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Freddie Mac: Mortgage Rates Slide Back 

David Krechevsky
Jan 12, 2023

After rising the previous week, the 30-year fixed mortgage fell to 6.33%.

  • The 30-year fixed-rate mortgage averaged 6.33% as of Jan. 12.
  • The 15-year fixed-rate mortgage averaged 5.52%.

Mortgage rates fell in the past week after rising a week earlier, according to the latest report from Freddie Mac.

Freddie Mac on Thursday released the results of its Primary Mortgage Market Survey (PMMS), showing the 30-year fixed-rate mortgage (FRM) averaged 6.33%, down 0.15 percentage points from last week.

“While mortgage rates have resumed their decline, the market remains hypersensitive to rate movements, with purchase demand experiencing large swings relative to small changes in rates,” said Sam Khater, Freddie Mac’s chief economist. “Over the last few weeks latent demand has been on display with buyers jumping in and out of the market as rates move.”

  • The 30-year fixed-rate mortgage averaged 6.33% as of Jan. 12, down from 6.48% last week. A year ago at this time, it averaged 3.45%.
  • The 15-year fixed-rate mortgage averaged 5.52%, down from 5.73% last week. A year ago at this time, it averaged 2.62%.

The PMMS is focused on conventional, conforming, fully amortizing home purchase loans for borrowers who put 20% down and have excellent credit.

George Ratiu, manager of economic research for, said the the 30-year FRM has been moving up  and down in the 6% to 7% range since September 2022, when it topped 6% for the first time in 14 years.

“Mortgage rates have mirrored the volatility in the 10-year Treasury, as investors wrangle mixed expectations amid an inflow of new economic numbers,” he said.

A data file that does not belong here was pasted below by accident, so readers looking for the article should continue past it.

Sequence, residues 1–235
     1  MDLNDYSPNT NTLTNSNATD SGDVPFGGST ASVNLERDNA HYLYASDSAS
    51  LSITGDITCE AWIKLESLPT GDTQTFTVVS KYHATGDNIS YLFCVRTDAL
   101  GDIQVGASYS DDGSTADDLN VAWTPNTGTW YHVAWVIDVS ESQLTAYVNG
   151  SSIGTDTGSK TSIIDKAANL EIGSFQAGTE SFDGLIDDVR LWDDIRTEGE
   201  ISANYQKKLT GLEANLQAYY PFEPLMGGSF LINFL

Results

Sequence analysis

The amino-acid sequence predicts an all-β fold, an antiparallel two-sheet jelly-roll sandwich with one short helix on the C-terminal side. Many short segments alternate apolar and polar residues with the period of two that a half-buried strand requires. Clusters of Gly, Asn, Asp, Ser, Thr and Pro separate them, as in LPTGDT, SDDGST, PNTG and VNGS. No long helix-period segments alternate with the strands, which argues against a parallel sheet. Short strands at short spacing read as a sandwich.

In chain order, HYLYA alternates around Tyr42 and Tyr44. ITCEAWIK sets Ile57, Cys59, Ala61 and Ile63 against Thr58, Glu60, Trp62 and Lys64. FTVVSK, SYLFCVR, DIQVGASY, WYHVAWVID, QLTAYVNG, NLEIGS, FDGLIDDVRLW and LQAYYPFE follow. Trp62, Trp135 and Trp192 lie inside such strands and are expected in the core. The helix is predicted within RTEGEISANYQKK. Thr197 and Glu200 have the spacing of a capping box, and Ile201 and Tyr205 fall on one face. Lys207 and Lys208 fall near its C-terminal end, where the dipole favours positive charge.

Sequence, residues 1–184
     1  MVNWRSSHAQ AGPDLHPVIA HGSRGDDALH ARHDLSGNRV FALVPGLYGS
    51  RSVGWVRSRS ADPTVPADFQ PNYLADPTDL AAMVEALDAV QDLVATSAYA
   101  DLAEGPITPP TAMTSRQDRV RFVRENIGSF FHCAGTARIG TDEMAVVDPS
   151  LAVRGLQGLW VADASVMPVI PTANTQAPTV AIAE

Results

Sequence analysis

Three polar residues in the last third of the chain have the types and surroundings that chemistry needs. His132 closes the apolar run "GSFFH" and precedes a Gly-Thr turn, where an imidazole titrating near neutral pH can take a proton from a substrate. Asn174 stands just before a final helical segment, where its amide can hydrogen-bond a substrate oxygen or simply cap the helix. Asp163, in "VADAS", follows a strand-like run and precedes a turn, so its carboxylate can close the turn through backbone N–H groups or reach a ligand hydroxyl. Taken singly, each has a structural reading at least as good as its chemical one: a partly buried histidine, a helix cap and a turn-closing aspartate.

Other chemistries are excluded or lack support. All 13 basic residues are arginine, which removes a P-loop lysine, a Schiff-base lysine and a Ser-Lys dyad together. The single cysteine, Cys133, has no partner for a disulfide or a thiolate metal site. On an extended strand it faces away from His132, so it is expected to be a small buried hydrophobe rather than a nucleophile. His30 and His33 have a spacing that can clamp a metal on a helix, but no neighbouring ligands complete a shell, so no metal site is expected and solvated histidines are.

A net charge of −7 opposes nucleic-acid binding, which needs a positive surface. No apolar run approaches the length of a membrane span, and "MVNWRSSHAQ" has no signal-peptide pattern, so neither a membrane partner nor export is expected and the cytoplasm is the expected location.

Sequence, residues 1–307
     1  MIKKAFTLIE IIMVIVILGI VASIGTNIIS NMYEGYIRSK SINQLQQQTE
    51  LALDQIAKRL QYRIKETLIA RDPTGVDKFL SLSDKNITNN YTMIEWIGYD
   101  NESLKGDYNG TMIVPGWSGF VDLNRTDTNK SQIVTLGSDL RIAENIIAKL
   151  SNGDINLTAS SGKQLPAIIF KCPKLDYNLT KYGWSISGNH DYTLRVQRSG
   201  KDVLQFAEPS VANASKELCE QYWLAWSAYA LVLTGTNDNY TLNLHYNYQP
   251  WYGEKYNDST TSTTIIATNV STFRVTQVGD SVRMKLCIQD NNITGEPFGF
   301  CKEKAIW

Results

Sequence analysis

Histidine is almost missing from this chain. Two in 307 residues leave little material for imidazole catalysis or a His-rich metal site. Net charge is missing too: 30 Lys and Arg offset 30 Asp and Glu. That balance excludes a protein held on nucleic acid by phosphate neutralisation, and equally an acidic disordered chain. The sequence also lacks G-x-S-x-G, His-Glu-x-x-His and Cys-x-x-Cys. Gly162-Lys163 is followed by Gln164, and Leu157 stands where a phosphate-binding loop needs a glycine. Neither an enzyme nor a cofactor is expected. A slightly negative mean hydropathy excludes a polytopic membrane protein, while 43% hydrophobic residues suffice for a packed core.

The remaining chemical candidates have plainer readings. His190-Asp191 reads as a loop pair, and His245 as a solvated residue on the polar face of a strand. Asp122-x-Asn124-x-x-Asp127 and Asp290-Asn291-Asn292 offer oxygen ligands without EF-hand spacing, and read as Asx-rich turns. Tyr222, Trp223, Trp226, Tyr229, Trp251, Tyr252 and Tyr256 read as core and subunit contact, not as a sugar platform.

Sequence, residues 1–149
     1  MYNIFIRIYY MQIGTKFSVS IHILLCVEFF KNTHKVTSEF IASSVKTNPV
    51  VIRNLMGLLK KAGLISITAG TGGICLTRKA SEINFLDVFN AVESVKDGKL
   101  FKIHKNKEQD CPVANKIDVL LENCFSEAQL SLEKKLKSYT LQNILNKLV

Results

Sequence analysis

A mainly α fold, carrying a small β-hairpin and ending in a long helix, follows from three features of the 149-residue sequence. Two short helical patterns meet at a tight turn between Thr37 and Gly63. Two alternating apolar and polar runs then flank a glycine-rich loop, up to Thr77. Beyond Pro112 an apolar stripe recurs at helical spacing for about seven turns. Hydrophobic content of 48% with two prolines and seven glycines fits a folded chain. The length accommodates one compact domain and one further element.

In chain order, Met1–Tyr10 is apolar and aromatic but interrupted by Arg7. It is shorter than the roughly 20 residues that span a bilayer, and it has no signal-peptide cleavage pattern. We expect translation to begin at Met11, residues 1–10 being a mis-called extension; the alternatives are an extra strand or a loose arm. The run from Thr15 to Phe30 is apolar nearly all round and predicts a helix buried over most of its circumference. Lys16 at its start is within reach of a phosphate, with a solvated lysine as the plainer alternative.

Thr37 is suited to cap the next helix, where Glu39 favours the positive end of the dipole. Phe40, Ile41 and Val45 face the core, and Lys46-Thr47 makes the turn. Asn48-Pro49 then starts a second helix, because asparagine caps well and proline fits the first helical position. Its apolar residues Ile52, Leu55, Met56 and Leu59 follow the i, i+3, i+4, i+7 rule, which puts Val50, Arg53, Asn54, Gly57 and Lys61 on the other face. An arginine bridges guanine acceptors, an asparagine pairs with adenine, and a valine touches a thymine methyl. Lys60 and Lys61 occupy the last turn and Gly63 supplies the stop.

“Businesses and investors are closely monitoring the Federal Reserve’s monetary tightening, keeping an eye out for signs that the bank may ease the pace of rate hikes,” Ratiu said. “This week’s Consumer Price Index numbers will be a key indicator of whether the central bank’s actions are sustaining the moderation in price gains we have seen over the past five months.”

The CPI report, released Thursday, showed annual inflation at 6.5% in December, down from 7.1% in November and the sixth consecutive decline. The report also showed core inflation — which excludes the volatile energy and food categories — was 5.7% year over year. Both measures matched analysts’ expectations.

“Expectations of an economic slowdown are also weighing on small businesses, with the NFIB (National Federation of Independent Business)  index sliding to the lowest mark since June, on worries of lower sales,” Ratiu said. “At the same time, consumers continue to purchase goods and services, even if they need to resort to borrowing money. The latest data on consumer credit show a 7.1% yearly increase, on the strength of credit card borrowing. Rising prices and lower savings are pushing many consumers to borrow more for everyday needs.”

Counterbalancing those trends, he said, “the labor market remains resilient, with a shortage of workers still a principal concern for many companies. Many employees are finding they retain leverage, especially when changing jobs, and earning noticeable pay increases.”

He added that, “with capital market volatility expected to continue, mortgage rates will maintain a seesaw trajectory over the short term, likely staying within the 6% to 7% range we have seen over the past five months. For buyers who find a home to purchase, shopping for a mortgage with multiple lenders to secure the lowest rate and fees could result not only in a lower monthly payment, but also in tens of thousands of dollars saved over the life of the loan.”

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